My Defiance Was To Force A Change On Hijab Wearing – Firdaus Amasa

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The Oasis Reporters

December 18, 2017

Law, school, hijab  wearing Ms Firdaus Amasa

Firdaus Amasa, the Nigeria Law School graduate who was refused her call to bar for failing to remove her hijab, said her defiance was to challenge the status quo.

The incident, which took place at the International Conference Centre, Abuja, has generated intense debate on the internet.

Firdaus, who has been asked by the Muslim Students Society of Nigeria (MSSN) not to speak on the controversial issue said she intentionally wore the hijab in a bid to challenge the status quo.

Asked why she did not wait to be called to bar before embarking on the campaign, she said those who have removed their hijabs in the past did nothing to change the situation.

“There’s no law preventing female Muslim lawyers from wearing hijabs”, adding that the restriction is a mere convention.

“Actually there are no rules preventing us from wearing hijabs. They just call it convention that the British gave to us and we have to stick to it,” Firdaus said further.

“I used them. They complained [during] my first [law] dinner. That is how they do on every campus. You don’t wear hijab for dinner but I did. I chose Abuja because I know they were a little lenient.

“People have been removing their hijab over the years. What have those people who have removed it done?”

For all her troubles, the Nigerian Law School graduate was denied access to the venue of the call to the bar ceremony earlier this week saying her demand remains the need to grant approval for the use of hijab among Muslim law graduates, in a report by Premium Times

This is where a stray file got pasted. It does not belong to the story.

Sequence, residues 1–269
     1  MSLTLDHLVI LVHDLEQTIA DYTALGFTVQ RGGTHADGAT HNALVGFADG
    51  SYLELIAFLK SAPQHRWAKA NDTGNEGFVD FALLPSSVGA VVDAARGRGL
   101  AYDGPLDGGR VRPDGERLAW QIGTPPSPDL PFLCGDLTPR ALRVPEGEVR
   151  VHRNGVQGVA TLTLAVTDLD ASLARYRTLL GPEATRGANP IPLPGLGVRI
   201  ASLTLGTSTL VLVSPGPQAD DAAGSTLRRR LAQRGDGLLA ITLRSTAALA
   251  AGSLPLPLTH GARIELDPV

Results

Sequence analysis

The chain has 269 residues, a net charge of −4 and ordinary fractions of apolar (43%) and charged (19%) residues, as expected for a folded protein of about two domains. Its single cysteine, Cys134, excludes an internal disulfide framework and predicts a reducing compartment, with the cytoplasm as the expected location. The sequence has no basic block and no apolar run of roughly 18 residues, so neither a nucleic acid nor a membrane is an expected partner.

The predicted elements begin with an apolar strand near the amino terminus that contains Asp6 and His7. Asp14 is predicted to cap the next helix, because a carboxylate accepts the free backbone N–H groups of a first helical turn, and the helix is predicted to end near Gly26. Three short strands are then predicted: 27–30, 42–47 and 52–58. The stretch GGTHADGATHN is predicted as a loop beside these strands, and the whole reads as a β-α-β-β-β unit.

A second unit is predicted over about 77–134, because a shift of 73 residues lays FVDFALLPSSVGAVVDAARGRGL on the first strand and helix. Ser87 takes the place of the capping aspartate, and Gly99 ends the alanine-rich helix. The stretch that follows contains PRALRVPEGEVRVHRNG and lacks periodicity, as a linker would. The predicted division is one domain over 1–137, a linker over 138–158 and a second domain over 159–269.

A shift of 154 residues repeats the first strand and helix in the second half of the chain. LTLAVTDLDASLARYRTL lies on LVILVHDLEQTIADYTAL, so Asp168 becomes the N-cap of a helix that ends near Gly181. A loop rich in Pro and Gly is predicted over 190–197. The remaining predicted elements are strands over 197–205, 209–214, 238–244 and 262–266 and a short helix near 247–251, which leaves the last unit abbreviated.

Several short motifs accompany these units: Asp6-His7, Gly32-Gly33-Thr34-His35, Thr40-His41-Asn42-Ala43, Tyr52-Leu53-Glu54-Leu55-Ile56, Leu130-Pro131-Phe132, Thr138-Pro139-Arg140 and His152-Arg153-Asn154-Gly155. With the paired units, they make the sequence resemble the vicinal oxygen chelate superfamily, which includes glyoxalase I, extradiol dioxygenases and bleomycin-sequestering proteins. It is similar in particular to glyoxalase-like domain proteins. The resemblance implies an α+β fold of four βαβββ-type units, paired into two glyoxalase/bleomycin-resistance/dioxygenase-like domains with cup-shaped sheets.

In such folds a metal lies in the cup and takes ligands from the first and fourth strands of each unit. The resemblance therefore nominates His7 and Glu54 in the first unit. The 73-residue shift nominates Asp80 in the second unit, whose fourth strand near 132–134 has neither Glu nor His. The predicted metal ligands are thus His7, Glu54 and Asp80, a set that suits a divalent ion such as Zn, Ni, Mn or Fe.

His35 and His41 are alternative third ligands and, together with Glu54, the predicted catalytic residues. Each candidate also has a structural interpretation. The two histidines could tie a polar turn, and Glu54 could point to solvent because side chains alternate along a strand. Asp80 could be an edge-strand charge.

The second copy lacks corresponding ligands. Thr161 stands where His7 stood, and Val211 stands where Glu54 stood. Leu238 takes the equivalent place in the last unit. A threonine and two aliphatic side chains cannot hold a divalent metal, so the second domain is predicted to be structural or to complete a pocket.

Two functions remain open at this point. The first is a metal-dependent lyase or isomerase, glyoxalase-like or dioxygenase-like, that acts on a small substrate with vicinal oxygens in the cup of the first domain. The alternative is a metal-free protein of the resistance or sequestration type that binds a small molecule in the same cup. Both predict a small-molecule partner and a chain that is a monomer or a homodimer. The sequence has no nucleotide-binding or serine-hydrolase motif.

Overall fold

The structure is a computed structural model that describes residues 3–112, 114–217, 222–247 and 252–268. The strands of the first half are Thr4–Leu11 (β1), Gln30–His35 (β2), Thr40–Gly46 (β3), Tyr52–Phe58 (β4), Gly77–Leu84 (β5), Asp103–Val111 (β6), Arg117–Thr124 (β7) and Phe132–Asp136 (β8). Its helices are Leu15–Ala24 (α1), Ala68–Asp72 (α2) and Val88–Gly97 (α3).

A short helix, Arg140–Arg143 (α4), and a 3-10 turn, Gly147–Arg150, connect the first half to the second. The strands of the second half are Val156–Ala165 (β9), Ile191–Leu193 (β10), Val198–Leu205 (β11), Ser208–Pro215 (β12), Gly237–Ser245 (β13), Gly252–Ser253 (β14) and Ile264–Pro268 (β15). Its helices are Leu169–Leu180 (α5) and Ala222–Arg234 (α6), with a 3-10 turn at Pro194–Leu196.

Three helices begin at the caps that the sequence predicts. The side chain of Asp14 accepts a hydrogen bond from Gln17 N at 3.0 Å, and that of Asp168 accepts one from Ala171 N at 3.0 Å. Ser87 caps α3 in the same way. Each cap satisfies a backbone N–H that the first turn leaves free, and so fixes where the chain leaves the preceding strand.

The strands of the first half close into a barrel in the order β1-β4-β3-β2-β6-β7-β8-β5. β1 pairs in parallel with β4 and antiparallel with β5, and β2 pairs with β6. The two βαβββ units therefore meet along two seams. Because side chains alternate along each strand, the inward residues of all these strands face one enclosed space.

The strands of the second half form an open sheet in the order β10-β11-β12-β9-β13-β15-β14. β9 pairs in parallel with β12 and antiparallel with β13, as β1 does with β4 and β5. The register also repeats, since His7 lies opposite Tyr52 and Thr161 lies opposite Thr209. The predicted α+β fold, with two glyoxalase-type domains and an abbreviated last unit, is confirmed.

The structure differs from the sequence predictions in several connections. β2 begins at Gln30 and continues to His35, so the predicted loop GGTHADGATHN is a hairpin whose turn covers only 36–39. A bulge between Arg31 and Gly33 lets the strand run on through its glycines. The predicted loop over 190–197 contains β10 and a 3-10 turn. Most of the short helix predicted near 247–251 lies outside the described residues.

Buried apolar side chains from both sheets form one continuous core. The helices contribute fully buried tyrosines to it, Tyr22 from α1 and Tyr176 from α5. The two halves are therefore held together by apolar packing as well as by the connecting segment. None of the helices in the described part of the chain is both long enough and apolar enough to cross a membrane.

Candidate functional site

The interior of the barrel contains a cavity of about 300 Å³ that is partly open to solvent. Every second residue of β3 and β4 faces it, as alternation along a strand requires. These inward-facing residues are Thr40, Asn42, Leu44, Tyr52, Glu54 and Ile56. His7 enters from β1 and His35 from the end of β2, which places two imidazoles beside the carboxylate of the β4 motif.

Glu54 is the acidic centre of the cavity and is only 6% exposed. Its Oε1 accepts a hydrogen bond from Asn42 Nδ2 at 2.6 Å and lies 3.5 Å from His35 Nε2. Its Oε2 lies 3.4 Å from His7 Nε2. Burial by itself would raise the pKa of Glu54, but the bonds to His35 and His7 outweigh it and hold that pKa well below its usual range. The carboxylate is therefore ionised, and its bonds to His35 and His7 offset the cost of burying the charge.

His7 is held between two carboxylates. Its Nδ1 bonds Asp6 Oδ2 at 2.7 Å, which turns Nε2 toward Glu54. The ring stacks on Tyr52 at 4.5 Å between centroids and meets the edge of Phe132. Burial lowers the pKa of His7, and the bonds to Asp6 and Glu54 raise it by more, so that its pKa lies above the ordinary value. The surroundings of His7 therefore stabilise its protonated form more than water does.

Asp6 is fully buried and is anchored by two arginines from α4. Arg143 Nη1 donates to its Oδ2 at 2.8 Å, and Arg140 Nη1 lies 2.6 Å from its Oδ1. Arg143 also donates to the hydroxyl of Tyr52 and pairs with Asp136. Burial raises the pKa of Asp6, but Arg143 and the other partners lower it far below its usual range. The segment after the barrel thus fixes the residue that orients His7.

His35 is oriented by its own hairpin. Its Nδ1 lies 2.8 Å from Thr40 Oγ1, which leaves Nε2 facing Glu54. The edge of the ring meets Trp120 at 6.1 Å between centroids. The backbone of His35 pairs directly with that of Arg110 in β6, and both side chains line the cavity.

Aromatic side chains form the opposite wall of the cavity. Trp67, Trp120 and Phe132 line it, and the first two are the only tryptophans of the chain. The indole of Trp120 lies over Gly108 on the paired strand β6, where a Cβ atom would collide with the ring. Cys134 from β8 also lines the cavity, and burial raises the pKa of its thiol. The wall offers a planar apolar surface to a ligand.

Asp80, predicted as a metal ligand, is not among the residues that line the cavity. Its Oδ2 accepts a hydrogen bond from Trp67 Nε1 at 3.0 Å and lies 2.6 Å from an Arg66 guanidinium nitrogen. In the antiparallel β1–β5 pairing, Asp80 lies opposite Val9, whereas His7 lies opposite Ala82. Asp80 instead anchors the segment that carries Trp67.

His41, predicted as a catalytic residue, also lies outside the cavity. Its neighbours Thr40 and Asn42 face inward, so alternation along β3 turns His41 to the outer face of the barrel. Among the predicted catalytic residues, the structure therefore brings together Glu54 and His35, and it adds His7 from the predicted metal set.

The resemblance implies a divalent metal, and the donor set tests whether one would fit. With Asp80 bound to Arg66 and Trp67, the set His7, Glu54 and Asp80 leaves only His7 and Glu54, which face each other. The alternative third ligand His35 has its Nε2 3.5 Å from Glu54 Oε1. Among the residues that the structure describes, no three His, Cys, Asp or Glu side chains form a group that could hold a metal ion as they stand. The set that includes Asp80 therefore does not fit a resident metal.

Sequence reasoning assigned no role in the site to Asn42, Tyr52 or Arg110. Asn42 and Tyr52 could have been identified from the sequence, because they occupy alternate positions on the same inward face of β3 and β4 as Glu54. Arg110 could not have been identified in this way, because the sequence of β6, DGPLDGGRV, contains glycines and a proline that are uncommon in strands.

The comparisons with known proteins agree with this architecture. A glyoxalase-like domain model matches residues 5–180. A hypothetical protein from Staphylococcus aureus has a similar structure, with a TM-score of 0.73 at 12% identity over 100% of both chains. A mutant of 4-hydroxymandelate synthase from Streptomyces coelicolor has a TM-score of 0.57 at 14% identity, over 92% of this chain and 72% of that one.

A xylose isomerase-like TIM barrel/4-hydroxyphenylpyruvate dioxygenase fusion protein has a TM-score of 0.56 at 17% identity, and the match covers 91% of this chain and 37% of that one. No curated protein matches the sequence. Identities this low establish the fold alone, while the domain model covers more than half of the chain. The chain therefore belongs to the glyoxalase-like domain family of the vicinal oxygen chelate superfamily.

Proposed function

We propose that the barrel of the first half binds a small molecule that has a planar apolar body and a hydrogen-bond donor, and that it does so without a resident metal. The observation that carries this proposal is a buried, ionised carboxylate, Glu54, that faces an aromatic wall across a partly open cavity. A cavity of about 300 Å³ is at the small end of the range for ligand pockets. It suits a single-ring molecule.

Firdaus Amasa, a graduate of the University of Ilorin, had been denied access to the ceremony after insisting on wearing hijab during the ceremony.

Ms. Amasa was specifically refused entry into the hall for insisting to wear the wig on top of her hijab – a headscarf.

The case has attracted significant attention on social media, with Nigerians divided on her decision and that of the authorities of the law school.
Ms. Amasa maintained that she remained resolute in her convictions to set a precedent for Hijab-wearing Muslims during the ceremony.

“My major concern is the approval of Hijab so that every person coming behind me will be able to use it for the call to bar (ceremony). ”
When asked whether she was aware of rules and regulations that guide against the use of Hijab at the ceremony, she said there was none, stressing that it was merely based on conventions.

“There is nothing like that (laws preventing the use of Hijab),”
“When you ask them too, they tell you it is convention; that that is how it is done and it has to remain like that.”

Asked what motivated her to take the decision, she explained that she wanted to change the narrative and give Muslim sisters the rights to express their constitutional rights as enshrined in the constitution.

“I knew that was what was going to happen,” she said of the consequences of her decision. She, however, said she remained resolute in her convictions to speak for the recognition of rights of female Muslim law graduates.

She explained further that the Law School has not said anything on the case, adding that the support from the Muslim community has been impressive.

“My demand is that Hijab should be approved,” she affirmed.

Reports from Premium Times and The Cable.

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Greg Abolo

Blogger at The Oasis Reporters.

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